This study examined the hypothesis that mastery orientation would increase for college students enrolled in courses that incorporated self-assessment. Early in the spring 2013 semester, 216 community college students enrolled in 16 different general education and developmental courses volunteered to participate and completed a demographic/goal orientation questionnaire. During the semester, 10 of the courses implemented self-assessment and 6 did not. At the conclusion of the semester, 143 of the original sample completed the Motivated Strategies for Learning Questionnaire (MSLQ) which provided post-test goal orientation scores along with measures of additional motivational and self-regulatory variables. Results indicated a trend in the direction hypothesized only for students enrolled in general education, not developmental courses. Further, retention was significantly higher for students enrolled in self-assessment courses. Additional motivational and self-regulatory variables were correlated with achievement outcomes such as final grades.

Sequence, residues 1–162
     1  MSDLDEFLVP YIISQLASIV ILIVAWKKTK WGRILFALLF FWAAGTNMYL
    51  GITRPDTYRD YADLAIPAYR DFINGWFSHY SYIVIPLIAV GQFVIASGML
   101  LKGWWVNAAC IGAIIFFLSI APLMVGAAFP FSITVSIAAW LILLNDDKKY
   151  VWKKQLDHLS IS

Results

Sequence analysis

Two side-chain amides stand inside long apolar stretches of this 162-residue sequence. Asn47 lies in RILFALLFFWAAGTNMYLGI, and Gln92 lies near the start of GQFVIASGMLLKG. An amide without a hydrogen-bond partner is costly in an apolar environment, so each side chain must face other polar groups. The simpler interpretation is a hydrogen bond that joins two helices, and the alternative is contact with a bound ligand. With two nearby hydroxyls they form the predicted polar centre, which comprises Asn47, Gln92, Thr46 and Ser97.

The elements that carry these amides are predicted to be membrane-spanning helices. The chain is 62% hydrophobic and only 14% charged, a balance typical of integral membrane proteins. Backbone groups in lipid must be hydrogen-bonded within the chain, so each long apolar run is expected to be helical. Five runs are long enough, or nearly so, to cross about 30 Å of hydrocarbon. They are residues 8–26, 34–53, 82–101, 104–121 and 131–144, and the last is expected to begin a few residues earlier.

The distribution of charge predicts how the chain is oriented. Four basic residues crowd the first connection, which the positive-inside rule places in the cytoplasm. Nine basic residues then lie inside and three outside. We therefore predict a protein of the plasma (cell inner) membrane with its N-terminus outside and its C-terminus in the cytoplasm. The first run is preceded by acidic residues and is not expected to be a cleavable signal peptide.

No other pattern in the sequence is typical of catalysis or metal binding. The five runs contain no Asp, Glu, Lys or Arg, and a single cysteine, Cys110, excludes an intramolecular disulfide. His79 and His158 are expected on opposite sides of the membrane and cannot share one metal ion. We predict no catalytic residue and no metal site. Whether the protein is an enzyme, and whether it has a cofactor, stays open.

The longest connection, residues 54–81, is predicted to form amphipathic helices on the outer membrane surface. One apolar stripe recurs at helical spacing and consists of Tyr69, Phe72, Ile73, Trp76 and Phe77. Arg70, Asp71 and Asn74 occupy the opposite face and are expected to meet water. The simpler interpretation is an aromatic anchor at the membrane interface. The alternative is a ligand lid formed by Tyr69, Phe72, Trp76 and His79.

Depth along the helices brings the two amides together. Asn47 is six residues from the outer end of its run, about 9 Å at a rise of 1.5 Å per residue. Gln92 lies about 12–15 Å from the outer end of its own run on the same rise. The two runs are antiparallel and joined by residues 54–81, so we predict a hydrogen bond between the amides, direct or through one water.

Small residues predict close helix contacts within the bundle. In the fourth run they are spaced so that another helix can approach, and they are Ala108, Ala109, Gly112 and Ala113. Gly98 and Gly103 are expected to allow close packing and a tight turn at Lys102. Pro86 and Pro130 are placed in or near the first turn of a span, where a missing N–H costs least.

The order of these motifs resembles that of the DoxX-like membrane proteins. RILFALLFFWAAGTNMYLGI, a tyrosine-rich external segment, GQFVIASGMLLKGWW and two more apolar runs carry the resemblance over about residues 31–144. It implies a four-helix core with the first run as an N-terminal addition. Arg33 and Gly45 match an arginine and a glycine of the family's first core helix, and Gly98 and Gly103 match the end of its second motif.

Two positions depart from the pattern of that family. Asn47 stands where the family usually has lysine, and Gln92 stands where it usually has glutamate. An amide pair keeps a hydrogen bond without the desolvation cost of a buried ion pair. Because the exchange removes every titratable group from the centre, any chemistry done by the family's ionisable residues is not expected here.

Date of Degree
Doctor of Education (EdD)
Mahlberg, Jamie Lynn, "An Examination of the Influence of Formative Self-Assessment on College Student Mastery Orientation in College Courses" (2013). All Theses, Dissertations, and Other Capstone Projects. 88.
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